Getting to Yes, And

Warriors, Rebels & Saints


Moshik Temkin

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Kelly takes a look at leadership through the lens of history with Moshik Temkin, a professor of history and leadership at Schwarzman College, Tsinghua University and a faculty affiliate at Harvard University’s Belfer Center for Science and International Affairs. His new book is titled, "Warriors, Rebels & Saints: The Art of Leadership from Machiavelli to Malcom X."

One of the historic leaders you write about is Franklin Delano Roosevelt and how the New Deal was more than just an economic program.

“Yeah, he knew as opposed to a lot of politicians that artists also have to eat. Yes, and writers and artists and actors and people need to survive. That's their job right? And they're all out of work. So he put everybody to work. Writing! Painting, doing all these things. And it's actually a stroke of genius, because you're putting everybody to work. That's already good. Second, you're creating a whole world of artists who are committed to you and your political project. It turns the New Deal from not just an important economic arrangement, but to a powerful, cultural, and attractive cultural institution. And it gets thee the most eloquent, talented people in the country singing your praises.”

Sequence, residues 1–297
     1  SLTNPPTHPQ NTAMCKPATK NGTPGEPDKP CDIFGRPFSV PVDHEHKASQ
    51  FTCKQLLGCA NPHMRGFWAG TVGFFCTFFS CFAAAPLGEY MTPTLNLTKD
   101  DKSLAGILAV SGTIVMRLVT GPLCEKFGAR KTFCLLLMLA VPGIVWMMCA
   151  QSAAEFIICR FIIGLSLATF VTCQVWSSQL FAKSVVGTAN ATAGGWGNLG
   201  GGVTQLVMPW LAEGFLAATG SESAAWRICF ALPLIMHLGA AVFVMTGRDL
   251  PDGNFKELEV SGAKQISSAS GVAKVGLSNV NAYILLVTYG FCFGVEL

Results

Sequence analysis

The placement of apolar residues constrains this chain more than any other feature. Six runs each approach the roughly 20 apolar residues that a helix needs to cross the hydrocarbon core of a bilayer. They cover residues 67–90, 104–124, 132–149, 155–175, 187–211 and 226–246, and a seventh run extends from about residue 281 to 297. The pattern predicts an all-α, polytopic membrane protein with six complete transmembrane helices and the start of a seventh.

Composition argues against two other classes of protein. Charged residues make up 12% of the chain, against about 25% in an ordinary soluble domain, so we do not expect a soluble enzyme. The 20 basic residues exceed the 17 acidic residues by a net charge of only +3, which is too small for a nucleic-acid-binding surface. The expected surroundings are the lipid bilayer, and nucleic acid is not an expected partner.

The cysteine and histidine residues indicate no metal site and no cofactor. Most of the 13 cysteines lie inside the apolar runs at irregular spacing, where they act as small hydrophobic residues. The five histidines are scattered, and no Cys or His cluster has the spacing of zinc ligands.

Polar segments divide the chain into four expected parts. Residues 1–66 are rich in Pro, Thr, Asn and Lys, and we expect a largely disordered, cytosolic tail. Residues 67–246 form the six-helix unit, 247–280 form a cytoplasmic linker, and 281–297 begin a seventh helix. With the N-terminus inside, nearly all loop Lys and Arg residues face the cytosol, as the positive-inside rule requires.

And you note that America’s founding fathers were considered rebels in their time.

"We consider them today as these great founding fathers. But, to the British, you know, these rebels needed to be defeated. Or you could call them terrorists, to use a more modern word. We also know that other countries: China, India, the list is long of countries that had to gain - or Israel also is a good example of this - countries that gain their independence through rebellion. They had been oppressed or under colonial control. When you're a sovereign country, you also are often dealing with people that want freedom from you or from under your control. And so, we see that all over the world. And I think that it's very interesting that people tend to identify with that first part of their history but be more  involved in the second part of that history. And so, there's a gap there between people's self-perception and people's actual work and the things that they that they do in life.”

Understanding our history should help us understand our present in a much more profound way, right?

“There's a lot of revisionism going on nowadays about colonialism and its history. So, without obviously justifying any horrible acts, we must insist that we are ourselves the products of history. No one is outside or above history. But also, we have the ability to change history. We have the ability to step out of the frame that we're in and look at what we're doing and maybe change paths. And that's hard to do.”

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